Though this little tune is just for fun, it may very well raise alarms to many caregivers of the elderly. Caregivers know that even at a holiday party they cannot let down their diligent watch over their elderly loved one. As far-fetched as it may sound, with all the people and noise, an elderly family member with dementia or Alzheimer’s may be enjoying the family gathering and then suddenly become confused and walk to the door and leave.
For family caregivers the added stress of the holidays with decorating, shopping, parties and keeping up with all the family traditions is an overwhelming quest. Feelings of isolation, depression and sadness come with this added stress. There are millions of Americans who are caring for elderly frail loved ones and most of these caregivers will go through some of these emotions, especially this time of year.
There are some things you can do as a caregiver to help you and those you care for enjoy the holiday season.
First take care of yourself. Try to eat right, get plenty of sleep and exercise. This will help reduce stress and strengthen your ability to cope with caregiving responsibilities.
Prioritize your holiday traditions. Perhaps instead of cooking a large family dinner, have everyone bring his or her favorite dish. Use paper plates. Forfeit the traditional outside light decorating for a lighted wreath on the front door. Choose one or two parties or concerts to attend instead of trying to do it all.
Arrange for help. Call on other family members to help with the caregiving while you do your shopping or go out for the evening. If family is not available, ask your church group or a neighbor if they would donate a few hours.
Use community services. Many senior centers provide meals for the elderly and supervised activities, onsite, at no charge or a minimal charge. For locating senior services in your state, call your state Area Agency on Aging or check the national locator website at http://www.n4a.org/
Use adult day care services. Some assisted living facilities provide day activities and meals for seniors on a day by day basis. Other organizations called “adult day service providers” specialize exclusively in this sort of care support at a reasonable cost. These support services provide respite for caregivers from their caregiving responsibilities as well as social interaction for their elderly family members. There is a cost for adult day services, but the benefit for all is worth it.
Technology to the rescue. Here is a solution that would have kept “Grandma” from going out in the winter cold and getting run over by a reindeer. Companies that have created monitoring systems, security alarms and other safety equipment are “tweaking” them to adapt to the needs of seniors and their care givers.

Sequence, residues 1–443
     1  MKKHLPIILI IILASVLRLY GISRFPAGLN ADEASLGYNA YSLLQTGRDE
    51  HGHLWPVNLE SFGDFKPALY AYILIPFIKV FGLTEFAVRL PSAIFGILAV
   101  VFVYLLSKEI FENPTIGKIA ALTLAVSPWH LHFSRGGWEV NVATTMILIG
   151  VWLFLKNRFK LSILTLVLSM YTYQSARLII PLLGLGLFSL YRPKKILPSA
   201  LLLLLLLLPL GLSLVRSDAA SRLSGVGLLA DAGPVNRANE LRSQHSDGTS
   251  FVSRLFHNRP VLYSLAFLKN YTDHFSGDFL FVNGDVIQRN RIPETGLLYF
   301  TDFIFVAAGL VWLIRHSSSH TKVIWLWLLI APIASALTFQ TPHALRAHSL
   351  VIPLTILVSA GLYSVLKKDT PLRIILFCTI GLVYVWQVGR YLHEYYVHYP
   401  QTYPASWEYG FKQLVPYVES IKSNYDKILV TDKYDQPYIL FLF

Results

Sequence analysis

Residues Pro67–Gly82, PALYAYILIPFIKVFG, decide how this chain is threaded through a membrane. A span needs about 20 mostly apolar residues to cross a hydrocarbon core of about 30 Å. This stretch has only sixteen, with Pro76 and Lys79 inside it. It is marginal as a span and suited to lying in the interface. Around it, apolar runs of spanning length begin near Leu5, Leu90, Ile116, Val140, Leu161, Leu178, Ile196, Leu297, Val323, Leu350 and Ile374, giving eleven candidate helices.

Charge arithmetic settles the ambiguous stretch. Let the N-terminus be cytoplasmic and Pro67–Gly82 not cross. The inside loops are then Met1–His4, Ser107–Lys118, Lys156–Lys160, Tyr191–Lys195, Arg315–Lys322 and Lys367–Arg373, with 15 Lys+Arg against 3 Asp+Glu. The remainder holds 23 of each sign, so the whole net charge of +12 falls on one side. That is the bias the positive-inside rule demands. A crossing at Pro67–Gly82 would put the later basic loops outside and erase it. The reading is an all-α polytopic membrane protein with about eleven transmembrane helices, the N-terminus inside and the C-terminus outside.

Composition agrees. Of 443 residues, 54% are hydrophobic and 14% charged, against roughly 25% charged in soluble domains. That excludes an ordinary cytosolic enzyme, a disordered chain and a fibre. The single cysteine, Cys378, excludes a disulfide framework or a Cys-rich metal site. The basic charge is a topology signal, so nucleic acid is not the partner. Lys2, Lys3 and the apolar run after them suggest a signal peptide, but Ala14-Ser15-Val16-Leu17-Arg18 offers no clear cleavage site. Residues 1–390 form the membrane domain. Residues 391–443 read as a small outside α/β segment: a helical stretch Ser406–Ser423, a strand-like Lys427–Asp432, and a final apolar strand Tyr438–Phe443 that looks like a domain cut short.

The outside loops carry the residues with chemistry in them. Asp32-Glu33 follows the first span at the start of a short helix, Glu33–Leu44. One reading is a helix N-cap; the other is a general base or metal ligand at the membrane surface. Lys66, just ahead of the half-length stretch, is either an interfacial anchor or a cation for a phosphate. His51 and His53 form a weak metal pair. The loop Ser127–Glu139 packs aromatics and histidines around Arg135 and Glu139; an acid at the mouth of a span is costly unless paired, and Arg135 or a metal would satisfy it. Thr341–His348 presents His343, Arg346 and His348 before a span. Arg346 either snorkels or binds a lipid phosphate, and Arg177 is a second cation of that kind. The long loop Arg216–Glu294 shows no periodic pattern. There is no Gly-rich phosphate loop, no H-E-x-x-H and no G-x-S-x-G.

Here are a few examples:
- Ankle or wrist bands that monitor location and alert the provider when a person has gone beyond the designated perimeter, such as out the front door of the house.
- Motion detectors. Set throughout the home, motion detectors allow someone outside the home to follow a senior as he or she moves through the house.
- Smart medication dispensers. Live monitoring and dispensing of pills.
- Emergency response alert. At a touch of a button on a desktop monitor, bracelet or necklace, emergency help is summoned.
Whether providing care in your home or helping senior family members in their own homes, your use of monitoring and “tech” help aids can provide extra safety for your loved ones, and peace of mind for you.
You are not alone. Join a caregiving help group. Your local senior center may have one or go on the internet to find one. Hearing about other caregivers’ problems and solutions and being able to share your own and ask questions is a great way to relieve stress and gain a new perspective. Check out websites like the National Family Caregivers Association at http://www.nfcacares.org/
Work with a Senior Care Professional. Recognize that you are doing the very best you know how. You are not a geriatric health care practitioner, geriatric care manager, home care nurse or aide, hospice provider or family mediation counselor, nor do you have the years of training and experience these professionals have, but you can definitely use their experience. In fact, using a senior care specialist will make caregiving easier for you and more beneficial for your elderly family member.
You can find a wide variety of care professionals in your area on the National Care Planning Council website at www.longtermcarelink.net and on our website at http://www.virginiaelderlaw.com/TrustedReferrals.htm.
One more thing to remember. As a family caregiver, the greatest gift you are giving this holiday season is “Love.”